New Breast Cancer Study Underscores Importance of Validating Clinical Findings

Investigators tried to validate a previously reported molecular finding on triple negative breast cancer that many hoped would lead to targeted treatments for the aggressive disease. Instead, they discovered that the findings were limited to a single patient and could not be applied to further clinical work.

Weill Cornell Medical College investigators tried to validate a previously reported molecular finding on triple negative breast cancer that many hoped would lead to targeted treatments for the aggressive disease. Instead, they discovered that the findings were limited to a single patient and could not be applied to further clinical work. This discovery, published April 15 in Nature, amends the earlier work and underscores the importance of independent study validation and careful assay development.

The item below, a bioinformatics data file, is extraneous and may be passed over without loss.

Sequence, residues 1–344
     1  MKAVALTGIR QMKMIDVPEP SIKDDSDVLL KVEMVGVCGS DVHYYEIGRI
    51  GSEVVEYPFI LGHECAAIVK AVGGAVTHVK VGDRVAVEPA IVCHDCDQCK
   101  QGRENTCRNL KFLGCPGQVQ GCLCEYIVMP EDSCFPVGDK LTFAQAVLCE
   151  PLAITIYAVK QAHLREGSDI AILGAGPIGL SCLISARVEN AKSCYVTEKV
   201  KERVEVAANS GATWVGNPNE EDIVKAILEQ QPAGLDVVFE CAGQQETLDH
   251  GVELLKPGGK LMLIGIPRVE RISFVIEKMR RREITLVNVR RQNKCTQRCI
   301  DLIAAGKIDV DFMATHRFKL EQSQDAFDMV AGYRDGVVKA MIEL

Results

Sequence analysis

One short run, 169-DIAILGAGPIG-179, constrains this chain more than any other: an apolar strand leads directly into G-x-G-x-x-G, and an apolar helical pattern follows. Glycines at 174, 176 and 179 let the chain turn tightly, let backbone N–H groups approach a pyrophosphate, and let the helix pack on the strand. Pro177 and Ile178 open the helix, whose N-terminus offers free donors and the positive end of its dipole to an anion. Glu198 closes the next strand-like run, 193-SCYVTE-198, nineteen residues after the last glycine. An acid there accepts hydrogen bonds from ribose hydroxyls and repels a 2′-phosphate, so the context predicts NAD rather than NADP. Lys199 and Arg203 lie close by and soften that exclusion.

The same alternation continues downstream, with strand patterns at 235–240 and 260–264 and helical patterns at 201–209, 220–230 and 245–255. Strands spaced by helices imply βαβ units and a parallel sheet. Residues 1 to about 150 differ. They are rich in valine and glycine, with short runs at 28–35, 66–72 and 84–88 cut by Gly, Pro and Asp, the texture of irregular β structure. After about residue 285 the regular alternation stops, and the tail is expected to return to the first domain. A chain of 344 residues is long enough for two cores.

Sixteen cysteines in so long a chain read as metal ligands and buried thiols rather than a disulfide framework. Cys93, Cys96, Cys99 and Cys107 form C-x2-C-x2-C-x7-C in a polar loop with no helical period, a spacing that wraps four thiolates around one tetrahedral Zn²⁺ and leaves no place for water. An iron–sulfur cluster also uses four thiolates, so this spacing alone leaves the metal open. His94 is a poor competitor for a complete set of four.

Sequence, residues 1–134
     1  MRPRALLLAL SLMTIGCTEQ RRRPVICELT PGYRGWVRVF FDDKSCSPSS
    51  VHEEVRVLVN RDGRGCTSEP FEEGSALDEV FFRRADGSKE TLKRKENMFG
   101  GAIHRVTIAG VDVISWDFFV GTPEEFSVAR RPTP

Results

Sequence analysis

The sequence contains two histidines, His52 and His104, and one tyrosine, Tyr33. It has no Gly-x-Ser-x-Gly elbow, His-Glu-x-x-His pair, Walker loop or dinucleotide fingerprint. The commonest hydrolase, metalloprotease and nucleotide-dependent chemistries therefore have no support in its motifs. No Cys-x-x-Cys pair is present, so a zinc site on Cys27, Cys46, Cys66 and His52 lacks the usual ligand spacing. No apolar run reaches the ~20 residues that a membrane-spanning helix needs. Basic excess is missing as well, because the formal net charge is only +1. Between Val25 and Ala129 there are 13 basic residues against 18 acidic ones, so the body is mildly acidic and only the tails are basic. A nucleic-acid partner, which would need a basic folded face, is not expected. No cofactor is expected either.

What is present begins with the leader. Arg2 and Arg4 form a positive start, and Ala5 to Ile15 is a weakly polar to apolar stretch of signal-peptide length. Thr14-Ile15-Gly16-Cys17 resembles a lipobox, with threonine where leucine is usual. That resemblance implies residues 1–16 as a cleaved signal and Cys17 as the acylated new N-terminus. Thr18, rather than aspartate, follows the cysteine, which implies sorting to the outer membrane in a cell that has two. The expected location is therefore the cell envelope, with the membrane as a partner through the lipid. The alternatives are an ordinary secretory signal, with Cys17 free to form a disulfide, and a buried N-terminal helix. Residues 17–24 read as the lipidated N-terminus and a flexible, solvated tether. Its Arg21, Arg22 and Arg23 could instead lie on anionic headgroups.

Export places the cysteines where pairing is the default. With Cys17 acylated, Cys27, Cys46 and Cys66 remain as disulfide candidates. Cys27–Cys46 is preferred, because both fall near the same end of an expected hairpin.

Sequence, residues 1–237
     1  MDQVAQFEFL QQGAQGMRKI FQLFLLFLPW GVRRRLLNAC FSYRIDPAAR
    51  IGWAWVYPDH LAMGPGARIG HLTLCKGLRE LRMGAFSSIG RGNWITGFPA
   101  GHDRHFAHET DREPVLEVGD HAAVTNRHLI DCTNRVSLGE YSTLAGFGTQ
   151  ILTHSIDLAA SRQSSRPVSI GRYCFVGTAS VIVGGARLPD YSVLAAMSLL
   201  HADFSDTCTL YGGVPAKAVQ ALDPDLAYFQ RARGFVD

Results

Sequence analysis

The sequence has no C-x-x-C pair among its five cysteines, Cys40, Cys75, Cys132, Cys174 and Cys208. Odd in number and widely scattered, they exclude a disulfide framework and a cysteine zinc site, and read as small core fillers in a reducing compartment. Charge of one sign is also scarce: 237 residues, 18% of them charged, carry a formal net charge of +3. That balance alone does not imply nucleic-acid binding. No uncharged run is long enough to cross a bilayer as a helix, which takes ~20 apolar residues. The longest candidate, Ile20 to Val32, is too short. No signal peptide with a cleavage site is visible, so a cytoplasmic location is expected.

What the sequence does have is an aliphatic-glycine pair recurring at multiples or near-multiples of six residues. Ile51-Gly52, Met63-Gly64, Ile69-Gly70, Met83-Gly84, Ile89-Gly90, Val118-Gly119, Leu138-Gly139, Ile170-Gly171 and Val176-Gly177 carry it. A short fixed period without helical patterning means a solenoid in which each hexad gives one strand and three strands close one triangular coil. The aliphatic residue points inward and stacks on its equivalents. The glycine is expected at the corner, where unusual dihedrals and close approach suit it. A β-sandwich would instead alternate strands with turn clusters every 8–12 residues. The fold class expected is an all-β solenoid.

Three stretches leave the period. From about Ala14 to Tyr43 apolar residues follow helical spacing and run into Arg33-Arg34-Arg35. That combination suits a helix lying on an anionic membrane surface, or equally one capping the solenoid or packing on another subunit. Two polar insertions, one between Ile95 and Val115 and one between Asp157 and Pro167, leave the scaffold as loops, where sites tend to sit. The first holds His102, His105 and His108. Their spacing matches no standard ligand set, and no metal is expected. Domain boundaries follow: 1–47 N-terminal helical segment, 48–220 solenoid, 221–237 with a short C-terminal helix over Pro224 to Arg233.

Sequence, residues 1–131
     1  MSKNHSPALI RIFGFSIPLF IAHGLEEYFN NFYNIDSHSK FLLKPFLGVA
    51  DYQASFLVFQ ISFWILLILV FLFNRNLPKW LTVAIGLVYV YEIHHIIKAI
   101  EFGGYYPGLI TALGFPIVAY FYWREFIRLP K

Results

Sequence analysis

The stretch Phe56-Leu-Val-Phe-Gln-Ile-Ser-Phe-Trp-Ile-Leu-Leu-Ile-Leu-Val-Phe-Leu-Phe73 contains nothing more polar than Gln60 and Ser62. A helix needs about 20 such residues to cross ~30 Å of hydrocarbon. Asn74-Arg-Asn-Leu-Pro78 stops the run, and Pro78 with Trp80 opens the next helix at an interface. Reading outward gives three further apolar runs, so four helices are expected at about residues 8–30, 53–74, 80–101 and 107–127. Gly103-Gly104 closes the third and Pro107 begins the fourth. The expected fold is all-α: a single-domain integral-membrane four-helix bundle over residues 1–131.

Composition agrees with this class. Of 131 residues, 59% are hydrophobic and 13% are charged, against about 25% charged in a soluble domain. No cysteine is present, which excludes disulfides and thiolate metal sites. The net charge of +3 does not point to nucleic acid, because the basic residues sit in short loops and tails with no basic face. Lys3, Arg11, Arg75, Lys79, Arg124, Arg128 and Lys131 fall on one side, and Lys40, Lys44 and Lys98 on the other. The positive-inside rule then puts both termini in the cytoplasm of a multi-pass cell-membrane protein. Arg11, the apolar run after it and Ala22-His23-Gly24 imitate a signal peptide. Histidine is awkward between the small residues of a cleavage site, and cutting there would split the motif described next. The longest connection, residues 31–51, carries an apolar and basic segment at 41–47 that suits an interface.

The earlier -- and now dispelled -- study, published in Nature in June 2012 by researchers at the Broad Institute of MIT and Harvard, found a gene fusion in a small but significant number of tumor samples from patients with triple negative breast cancer, a particularly deadly subtype that often has few treatment options. The original research team concluded that MAGI3-AKT3 fusion could offer a new molecular target to use for drug development.

Soon after this study was published, a Weill Cornell team led by Drs. Mark A. Rubin, Sandra J. Shin and Juan Miguel Mosquera, set out to determine if and how often the gene fusion occurred in Weill Cornell's own collection of triple negative breast cancer samples.

Link to the complete article on ScienceDaily: http://bit.ly/1E5JRzO